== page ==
MONDAY, Dec. 12, 2016 (HealthDay News) -- Only about two out of five Americans had gotten this season's flu shot as of early November, the U.S. Centers for Disease Control and Prevention reports.
About 37 percent of children between 6 months and 17 years old have gotten the flu vaccine this year. And approximately 41 percent of adults aged 18 and older have received the shot.
The overall rate is similar to the vaccination rate at the same time last year, the CDC noted.
"We are glad to see that people are making the decision to protect themselves and their families from flu, but coverage is still low and we urge people to get vaccinated if they haven't yet," said Dr. Nancy Messonnier, director of the CDC's National Center for Immunization and Respiratory Diseases.
"We have a tool that is proven to prevent flu illness and hospitalization, but millions of people are not taking advantage of it. Too many people are unprotected," she said in an agency news release.
Last year, flu vaccination prevented about 5 million flu illnesses, the CDC said. The agency also estimated that the vaccine prevented 71,000 flu hospitalizations.
While flu vaccination rates among adults and children are similar to early estimates from last season for all age groups, the CDC is looking carefully at vaccination rates for children and for adults 50 and older.
"We are urging parents to make sure their children get a flu shot this season, as the nasal spray vaccine is not recommended for the 2016-2017 flu season. An annual flu vaccine is very important protection for children," said Dr. Joe Bresee, a pediatrician and chief of the Epidemiology and Prevention Branch of the CDC's Influenza Division.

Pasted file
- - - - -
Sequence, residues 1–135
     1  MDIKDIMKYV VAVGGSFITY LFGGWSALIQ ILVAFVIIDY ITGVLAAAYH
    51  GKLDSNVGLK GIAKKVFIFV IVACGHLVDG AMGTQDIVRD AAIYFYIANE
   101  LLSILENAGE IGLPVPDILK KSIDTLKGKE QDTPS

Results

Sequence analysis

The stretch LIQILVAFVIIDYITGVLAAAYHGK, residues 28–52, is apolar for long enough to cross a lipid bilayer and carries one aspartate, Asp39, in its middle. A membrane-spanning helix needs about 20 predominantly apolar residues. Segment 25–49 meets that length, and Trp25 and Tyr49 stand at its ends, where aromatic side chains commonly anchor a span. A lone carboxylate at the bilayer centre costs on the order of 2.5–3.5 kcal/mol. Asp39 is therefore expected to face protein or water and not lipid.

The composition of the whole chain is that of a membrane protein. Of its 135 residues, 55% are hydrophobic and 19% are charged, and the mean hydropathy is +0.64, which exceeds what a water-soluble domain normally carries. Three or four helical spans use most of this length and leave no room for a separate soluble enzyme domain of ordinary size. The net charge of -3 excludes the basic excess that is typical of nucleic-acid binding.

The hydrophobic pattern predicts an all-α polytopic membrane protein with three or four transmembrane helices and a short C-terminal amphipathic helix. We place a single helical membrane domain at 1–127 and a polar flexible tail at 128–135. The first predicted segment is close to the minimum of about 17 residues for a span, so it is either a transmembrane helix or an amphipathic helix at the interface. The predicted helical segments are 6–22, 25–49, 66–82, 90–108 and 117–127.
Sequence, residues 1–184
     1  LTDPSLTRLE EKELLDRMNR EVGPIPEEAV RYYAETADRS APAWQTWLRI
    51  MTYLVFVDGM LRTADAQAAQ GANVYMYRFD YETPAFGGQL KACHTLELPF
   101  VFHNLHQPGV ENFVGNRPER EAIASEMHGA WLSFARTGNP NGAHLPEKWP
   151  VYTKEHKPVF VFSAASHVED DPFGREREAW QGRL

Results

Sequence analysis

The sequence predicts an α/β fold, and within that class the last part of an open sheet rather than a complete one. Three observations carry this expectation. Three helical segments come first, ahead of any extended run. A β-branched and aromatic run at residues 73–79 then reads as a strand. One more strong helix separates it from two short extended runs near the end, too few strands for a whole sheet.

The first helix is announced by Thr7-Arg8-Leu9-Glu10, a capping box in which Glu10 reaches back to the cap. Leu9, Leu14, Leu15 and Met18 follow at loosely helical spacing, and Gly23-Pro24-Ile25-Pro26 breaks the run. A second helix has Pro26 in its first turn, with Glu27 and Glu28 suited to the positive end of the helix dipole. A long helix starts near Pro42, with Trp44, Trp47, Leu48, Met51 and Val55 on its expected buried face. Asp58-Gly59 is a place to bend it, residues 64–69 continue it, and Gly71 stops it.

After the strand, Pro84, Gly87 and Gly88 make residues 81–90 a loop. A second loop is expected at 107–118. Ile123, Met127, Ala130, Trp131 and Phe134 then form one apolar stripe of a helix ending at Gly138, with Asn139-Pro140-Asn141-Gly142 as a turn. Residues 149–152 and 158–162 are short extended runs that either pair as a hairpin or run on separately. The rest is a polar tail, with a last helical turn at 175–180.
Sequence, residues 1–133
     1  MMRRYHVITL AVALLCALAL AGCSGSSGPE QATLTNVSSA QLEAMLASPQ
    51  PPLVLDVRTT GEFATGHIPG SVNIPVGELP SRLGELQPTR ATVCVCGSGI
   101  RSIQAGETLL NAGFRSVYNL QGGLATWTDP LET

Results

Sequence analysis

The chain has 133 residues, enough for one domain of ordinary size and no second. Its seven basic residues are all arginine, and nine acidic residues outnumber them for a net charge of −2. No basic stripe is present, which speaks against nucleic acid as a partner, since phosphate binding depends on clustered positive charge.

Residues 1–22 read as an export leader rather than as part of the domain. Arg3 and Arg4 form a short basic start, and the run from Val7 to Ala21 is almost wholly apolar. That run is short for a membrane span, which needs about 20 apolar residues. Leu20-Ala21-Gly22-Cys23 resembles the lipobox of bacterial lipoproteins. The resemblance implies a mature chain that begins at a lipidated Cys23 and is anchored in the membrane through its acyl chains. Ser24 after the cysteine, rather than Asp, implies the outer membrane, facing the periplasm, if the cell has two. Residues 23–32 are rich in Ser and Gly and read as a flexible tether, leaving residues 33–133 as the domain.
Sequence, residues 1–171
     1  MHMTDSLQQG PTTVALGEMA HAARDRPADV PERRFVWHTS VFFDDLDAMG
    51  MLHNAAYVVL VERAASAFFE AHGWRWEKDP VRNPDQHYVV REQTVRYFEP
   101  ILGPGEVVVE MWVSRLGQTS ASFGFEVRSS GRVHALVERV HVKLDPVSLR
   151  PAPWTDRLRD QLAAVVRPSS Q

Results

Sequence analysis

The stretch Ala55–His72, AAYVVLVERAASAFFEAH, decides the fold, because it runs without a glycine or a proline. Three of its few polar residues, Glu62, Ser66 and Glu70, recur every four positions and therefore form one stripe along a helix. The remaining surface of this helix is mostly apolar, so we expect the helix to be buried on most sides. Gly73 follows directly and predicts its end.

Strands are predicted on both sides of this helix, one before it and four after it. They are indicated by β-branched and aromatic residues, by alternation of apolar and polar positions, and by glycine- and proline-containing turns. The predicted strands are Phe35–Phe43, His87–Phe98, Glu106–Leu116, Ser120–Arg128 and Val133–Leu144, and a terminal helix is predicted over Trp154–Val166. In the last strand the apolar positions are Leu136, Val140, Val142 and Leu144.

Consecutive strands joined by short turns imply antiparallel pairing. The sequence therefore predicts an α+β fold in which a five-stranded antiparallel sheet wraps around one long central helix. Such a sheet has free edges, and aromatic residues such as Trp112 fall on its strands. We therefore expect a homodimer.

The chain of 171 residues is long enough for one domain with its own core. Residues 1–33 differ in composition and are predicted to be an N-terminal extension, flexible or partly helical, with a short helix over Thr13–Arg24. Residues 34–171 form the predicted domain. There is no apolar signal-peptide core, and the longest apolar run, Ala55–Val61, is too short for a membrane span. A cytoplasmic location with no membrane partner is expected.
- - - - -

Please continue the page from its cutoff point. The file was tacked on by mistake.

The CDC is also concerned about a 3 percent decrease in flu vaccination among adults aged 50 and older between 2014-2015 and 2015-2016.
"It's too soon to say whether vaccination in people 50 and older will rebound this season. We certainly hope it will," Messonnier said.
"About a third of people ages 50 to 64 have medical conditions that put them at high risk of serious flu complications; and we know that declining immune function puts people 65 and older at high risk. While flu vaccination is recommended for everyone 6 months and older, it's especially important that people in high-risk groups get vaccinated," she said.
The CDC also found that the 47 percent flu vaccination rate among pregnant women as of early November was 6 percent higher than early estimates last season. Still, more than half of pregnant women were still unvaccinated.
The 69 percent overall vaccination rate among health care providers is about the same as it was at the same time last season, the CDC said.
Last year, the rate among health care personnel working in long-term care facilities rose by 5 percent to 69 percent, but was still the lowest among all health care provider groups. Just 55 percent of those working in long-term care facilities were vaccinated as of early November. That's the lowest among all health care providers this year, the CDC noted.
"It is really important that health care workers get vaccinated and especially important that we continue to make progress vaccinating health care workers who work in long-term care facilities. Many of the most frail and vulnerable people live in these facilities and we know that vaccinating their caregivers helps protect them," Messonnier said.
The U.S. Centers for Disease Control and Prevention has more on flu vaccination.
SOURCE: U.S. Centers for Disease Control and Prevention, news release, Dec. 9, 2016